• Hudson named co-chair of NRG Oncology Delivery Research Committee
    • AACR’s Cancer Today magazine launches new website

     

  • Funding Opportunities

    American Cancer Society Supports Early Career Clinicians’ Move into Clinical Science

    The American Cancer Society started a grant program to support early career clinicians aiming to become clinician scientists.

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  • Trials and Tribulations

    A Cancer Patient’s War on Cancer

    Imagine a hospital ward 100 years from now. Will multi-drug resistant infections be as prominent as they are today? I suspect so, because as antibiotics evolve, so will the infectious diseases they target. It’s an arms race in which both sides have a capacity to learn and adapt. Not so cancer. Cancers can’t learn from each other. But cancer patients can. This profound imbalance in the capacity for learning is an advantage that all cancer patients share. It is our super power. And we barely use it.

  • Clinical Roundup

    • NCCN & ASCO provide joint guidance on side effects from checkpoint inhibitors
    • Phase II trial shows durvalumab active in recurrent or metastatic head and neck cancer
    • UW Carbone study finds caregiver spouses of cancer patients suffer untreated depression
  • Drugs and Targets

    • FDA approves new treatment for a certain type of prostate cancer using novel clinical trial endpoint
    • Roche to acquire Flatiron Health for $1.9 billion
    • BMS, Nektar form collaboration for CD122-biased agonist
    • Tivozanib gets NICE nod for first-line treatment of advanced RCC
Issue 6 - Feb 9, 2018
  • Dissenters in anti-tobacco movement cite National Academy report in claim that “e-cigarettes are saving lives.” Nope, the NAS report’s authors say

    A group of tobacco control advocates, one of whom receives money from Philip Morris International, issued a press release trumpeting that “E-Cigarettes are Saving Lives,” and attributed this conclusion to a recent report by the National Academy of Sciences, Engineering, and Medicine.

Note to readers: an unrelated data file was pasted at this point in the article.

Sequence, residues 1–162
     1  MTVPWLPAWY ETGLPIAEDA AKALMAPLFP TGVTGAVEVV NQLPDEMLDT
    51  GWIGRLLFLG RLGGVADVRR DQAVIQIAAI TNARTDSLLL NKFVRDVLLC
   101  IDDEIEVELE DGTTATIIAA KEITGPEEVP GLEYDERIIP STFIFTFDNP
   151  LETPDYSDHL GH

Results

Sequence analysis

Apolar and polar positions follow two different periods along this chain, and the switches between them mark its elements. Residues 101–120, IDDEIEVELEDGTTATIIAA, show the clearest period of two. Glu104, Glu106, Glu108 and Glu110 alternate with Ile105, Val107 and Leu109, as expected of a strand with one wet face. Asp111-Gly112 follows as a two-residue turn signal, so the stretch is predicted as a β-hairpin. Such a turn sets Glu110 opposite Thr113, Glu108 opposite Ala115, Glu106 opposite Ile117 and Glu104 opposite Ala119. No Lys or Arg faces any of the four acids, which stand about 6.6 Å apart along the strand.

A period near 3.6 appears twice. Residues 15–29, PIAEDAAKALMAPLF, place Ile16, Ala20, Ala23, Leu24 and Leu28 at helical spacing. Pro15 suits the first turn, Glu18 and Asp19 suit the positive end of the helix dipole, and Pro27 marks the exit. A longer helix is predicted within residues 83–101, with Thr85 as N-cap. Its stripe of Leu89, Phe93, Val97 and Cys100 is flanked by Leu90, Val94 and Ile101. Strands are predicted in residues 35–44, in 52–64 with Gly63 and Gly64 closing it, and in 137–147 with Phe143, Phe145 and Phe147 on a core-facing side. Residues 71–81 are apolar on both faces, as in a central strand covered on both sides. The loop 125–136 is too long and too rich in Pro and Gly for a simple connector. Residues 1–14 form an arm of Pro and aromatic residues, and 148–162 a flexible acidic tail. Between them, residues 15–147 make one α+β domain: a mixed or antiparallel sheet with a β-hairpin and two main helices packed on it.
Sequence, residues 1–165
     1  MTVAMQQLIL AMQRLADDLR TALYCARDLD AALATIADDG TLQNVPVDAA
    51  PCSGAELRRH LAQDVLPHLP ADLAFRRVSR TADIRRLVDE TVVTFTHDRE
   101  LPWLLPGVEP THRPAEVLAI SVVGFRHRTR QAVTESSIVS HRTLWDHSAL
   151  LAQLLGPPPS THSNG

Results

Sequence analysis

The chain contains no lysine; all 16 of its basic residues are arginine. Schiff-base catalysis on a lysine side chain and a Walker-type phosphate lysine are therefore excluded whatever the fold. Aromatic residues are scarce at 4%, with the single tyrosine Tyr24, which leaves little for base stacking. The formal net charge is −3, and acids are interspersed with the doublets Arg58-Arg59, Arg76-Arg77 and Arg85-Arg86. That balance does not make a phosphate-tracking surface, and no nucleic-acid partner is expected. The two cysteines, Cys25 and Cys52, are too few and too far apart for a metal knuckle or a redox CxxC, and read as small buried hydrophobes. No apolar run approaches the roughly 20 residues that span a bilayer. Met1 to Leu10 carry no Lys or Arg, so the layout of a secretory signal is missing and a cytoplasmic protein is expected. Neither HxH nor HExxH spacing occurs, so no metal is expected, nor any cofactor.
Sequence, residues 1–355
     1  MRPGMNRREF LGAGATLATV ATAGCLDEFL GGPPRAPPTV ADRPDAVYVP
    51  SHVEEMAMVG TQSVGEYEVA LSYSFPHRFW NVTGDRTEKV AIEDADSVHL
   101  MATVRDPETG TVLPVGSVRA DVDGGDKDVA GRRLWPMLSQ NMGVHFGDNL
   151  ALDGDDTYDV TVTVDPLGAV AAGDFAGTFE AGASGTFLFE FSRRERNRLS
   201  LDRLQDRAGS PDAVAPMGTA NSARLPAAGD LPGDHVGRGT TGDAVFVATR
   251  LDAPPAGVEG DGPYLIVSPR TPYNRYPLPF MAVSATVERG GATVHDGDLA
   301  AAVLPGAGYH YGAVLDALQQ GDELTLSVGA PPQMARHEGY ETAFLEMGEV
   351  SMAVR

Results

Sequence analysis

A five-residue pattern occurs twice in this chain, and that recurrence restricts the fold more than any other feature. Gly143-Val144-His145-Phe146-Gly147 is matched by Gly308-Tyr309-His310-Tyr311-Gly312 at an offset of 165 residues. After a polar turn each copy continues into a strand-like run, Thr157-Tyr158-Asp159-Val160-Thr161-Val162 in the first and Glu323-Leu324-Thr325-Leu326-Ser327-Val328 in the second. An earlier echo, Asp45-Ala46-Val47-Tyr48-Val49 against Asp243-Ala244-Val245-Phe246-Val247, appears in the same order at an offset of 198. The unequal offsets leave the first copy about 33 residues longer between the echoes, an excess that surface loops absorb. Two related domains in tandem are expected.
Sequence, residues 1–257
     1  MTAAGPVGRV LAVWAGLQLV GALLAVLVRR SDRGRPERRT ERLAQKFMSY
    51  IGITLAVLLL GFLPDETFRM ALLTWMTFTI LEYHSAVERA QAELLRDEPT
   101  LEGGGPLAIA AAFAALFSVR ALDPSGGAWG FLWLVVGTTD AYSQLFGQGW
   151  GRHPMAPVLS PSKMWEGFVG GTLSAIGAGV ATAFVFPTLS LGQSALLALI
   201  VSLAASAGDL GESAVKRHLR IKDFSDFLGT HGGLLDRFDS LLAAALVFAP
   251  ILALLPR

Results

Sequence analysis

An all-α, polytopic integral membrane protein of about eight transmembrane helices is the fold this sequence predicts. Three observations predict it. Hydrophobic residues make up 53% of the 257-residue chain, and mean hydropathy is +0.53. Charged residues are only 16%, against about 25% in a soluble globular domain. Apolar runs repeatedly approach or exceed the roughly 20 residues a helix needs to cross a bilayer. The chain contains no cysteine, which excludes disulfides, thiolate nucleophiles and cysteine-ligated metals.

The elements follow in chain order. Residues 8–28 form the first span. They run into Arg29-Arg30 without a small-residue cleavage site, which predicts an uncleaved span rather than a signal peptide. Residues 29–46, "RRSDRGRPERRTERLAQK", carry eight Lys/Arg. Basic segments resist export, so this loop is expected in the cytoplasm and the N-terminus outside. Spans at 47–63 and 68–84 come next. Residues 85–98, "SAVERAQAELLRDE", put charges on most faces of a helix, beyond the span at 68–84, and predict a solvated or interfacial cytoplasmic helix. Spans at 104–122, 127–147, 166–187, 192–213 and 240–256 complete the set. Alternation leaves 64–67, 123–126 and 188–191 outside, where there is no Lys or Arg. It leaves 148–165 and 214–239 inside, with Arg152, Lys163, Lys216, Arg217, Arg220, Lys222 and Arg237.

• Conversation with the Cancer Letter

    NTRI’s Abrams: Smokers should use e-cigarettes if they can’t quit completely

    Withholding e-cigarettes as an alternative from smokers who are unable to quit equals supporting the continued use of conventional cigarettes, said David Abrams, a member of the National Tobacco Reform Initiative.

    “The main thing you want to get across with the NASEM report and others is that smokers should absolutely try to find an e-cigarette that works for them if they can’t quit completely,” said Abrams, professor, Department of Social and Behavioral Sciences at the New York University College of Global Public Health. “The public have been very much misled and wrongly believe that e-cigarettes would not help you quit.”

  • An Appreciation

    Cancer moves fast…and we have to move faster

    Jon M. Huntsman Sr. dared to eradicate cancer from the face of the earth. People thought he was crazy, but for someone who started out delivering fresh eggs as a boy to support his family, went on to invent and then manufacture the polystyrene egg carton, and built from scratch a $12 billion global chemical company with more than 12,000 employees, there was no holding him back. Jon was a dreamer, a risk-taker, a true visionary, and a man whose compassion for others knew no limits. He didn’t sleep. His life was dedicated to making the world a better place: a world without homelessness, a world without hunger, a world without cancer.

  • Congress passes two-year budget deal, paving the way toward giving NIH a $2 billion raise

    So, the federal government shut down while America slept, but it reopened after a five-and-a-half hour pause, by early morning Feb. 9. We’ve seen this dance before.

    However, in a move that is anything but yawn-inducing, Congress passed a budget deal that paves the way toward giving NIH a $2 billion raise and lifts the spending caps on defense and non-defense spending through March 2019.

  • CRUK names ten finalists for £20m Grand Challenge

    Cancer Research UK has shortlisted ten multidisciplinary, international teams for what amounts to the second leg of competition for Grand Challenge awards.

    Each of the teams will now receive £30,000 in seed funding to prepare up their applications for interviews later this year.

  • In Brief

    • Arap, Pasqualini named to leadership posts at Rutgers Cancer Institute of New Jersey at University Hospital in Newark
    • Dhodapkar named director of new Center for Cancer Immunology at Emory Winship
    • Oberstein named director of GI medical oncology at NYU Perlmutter Cancer Center  
    • Campbell joins Fox Chase Cancer Center Cancer Biology Program
    • IU gets $14 million gift to create program focused on symptom management
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  • Clinical Roundup

    • In phase III study Tecentriq and Avastin reduced risk of disease worsening/death by 26 percent in advanced kidney cancer
    • Opdivo plus Yervoy meet PFS endpoint in phase III trial in frontline NSCLC
    • Tyme announces interim phase II data for SM-88 in prostate cancer at ASCO GU Symposium  
  • Drugs and Targets

    • FDA approves abiraterone acetate in combination with prednisone for high-risk metastatic castration-sensitive prostate cancer
    • Foundation Medicine and EORTC collaborate comprehensive genomic profiling
    • Abbott PathVysion HER-2 DNA Probe assay to be used in ANGLE study
Issue 5 - Feb 2, 2018
  • Like it or not, CMS policy aims to change everything in Next generation sequencing